Tuesday, October 19, 2010
The appeals chamber of the International Criminal Court reversed an earlier decision to suspend the case against a notorious Congolese warlord, ruling that his trial will resume.
In July, the Court’s trial chamber suspended proceedings against Thomas Lubanga Dyilo, founder and leader of the Union of Congolese Patriots in the Ituri region of the eastern Democratic Republic of the Congo (DRC), saying that prosecutors had refused orders to disclose information to his defence. It also ordered the warlord’s release.
Judge Sang-Hyun Song, who presided over the appeals, said that it is undisputed that the prosecution did not divulge certain information. But he said that the trial chamber erred by immediately ordering the proceedings to stop without first imposing sanctions to ensure prosecutors complied with its orders. “Sanctions are a tool for Chambers to maintain control of proceedings within the trial framework and to safeguard a fair trial without having to have recourse to the drastic remedy of staying proceedings,” Judge Song stressed.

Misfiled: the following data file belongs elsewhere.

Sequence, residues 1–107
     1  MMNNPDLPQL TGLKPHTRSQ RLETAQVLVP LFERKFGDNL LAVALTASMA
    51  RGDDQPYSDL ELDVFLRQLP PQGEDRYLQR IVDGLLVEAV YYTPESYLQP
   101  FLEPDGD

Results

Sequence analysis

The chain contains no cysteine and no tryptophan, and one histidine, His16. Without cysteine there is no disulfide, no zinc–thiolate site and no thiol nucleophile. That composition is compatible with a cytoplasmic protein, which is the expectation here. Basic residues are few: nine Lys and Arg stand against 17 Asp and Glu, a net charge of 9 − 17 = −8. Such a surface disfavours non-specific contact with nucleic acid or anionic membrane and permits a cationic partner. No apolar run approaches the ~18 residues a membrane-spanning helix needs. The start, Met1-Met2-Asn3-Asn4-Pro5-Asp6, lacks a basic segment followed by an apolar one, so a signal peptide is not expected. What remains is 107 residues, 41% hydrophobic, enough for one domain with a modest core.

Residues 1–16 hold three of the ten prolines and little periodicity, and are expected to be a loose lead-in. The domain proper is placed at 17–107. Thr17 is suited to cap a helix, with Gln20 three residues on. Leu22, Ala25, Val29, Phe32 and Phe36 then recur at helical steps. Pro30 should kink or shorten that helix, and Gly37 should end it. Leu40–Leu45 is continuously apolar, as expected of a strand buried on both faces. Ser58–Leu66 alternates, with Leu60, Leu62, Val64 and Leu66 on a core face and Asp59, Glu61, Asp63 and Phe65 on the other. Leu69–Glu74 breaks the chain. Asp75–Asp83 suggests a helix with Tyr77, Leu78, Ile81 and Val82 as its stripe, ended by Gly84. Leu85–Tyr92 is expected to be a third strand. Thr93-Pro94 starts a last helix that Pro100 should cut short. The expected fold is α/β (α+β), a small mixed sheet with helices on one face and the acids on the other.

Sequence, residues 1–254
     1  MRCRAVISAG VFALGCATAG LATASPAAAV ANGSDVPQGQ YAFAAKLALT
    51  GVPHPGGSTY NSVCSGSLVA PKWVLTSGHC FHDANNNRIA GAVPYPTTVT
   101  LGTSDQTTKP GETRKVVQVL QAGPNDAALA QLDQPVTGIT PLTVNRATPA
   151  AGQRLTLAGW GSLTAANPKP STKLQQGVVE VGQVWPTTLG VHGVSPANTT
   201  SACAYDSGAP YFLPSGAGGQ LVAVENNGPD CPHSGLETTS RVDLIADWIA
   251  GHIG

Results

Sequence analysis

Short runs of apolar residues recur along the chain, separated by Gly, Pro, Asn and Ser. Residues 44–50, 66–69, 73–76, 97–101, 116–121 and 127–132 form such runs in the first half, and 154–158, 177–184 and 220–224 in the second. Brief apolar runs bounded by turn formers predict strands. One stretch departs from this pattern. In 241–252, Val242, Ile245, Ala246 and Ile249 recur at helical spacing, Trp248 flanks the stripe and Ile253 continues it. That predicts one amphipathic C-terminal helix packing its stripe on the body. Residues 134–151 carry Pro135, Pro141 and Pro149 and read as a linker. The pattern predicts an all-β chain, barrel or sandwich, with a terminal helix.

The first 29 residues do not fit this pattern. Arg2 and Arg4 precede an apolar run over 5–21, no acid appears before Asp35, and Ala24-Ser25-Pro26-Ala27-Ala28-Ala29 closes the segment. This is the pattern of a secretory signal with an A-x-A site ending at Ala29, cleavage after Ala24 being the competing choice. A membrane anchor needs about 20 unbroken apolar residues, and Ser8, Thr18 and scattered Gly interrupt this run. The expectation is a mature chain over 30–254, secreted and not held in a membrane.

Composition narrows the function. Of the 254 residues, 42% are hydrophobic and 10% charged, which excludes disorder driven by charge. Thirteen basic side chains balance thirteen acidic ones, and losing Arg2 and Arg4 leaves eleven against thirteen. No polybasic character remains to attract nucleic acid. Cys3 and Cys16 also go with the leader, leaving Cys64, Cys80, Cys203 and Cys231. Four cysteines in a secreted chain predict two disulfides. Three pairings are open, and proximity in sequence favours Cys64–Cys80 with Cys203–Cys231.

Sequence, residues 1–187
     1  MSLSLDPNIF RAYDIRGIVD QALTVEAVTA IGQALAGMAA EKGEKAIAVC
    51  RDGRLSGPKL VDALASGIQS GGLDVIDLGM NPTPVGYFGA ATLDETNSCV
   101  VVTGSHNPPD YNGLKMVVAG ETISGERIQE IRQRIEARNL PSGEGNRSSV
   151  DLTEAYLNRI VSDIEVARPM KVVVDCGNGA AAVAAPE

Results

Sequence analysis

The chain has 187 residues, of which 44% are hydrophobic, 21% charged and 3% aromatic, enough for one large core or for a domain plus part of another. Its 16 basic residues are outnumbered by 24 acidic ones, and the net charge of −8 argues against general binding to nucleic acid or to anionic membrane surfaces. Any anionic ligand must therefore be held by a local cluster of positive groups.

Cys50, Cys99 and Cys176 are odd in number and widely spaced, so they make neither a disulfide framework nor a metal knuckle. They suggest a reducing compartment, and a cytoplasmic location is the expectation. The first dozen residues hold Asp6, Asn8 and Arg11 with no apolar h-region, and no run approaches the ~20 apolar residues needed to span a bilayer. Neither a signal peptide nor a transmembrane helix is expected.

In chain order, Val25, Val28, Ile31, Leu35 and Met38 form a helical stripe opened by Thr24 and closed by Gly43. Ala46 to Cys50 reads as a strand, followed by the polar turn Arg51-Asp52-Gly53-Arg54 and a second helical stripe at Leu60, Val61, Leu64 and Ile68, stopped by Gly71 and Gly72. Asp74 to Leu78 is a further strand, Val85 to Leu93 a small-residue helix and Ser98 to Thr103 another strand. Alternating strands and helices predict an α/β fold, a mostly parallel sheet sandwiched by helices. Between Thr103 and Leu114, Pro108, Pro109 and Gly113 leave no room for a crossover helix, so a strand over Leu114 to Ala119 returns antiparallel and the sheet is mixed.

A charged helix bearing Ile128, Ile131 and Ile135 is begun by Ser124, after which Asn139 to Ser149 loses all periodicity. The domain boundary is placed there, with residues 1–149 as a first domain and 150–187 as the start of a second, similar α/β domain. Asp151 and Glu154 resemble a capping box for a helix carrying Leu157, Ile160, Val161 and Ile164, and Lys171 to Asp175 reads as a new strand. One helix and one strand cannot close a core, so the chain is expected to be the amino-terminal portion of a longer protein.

Mr. Lubanga Dyilo, whose trial at The Hague-based ICC began last January, stands accused of having committed, as co-perpetrator, war crimes of enlisting and conscripting of children under the age of 15 into the Patriotic Forces for the Liberation of Congo, and using them to participate actively in hostilities in Ituri district between September 2002 and August 2003.
The case was referred to the ICC by the Congolese Government in April 2004. Other suspects standing trial at the ICC for alleged offences committed within the context of the DRC conflict are Germain Katanga and Mathieu Ngudjolo Chui. Bosco Ntaganda has been indicted but remains at large. ICC investigations in the DRC are ongoing.
(From a UN Press Release)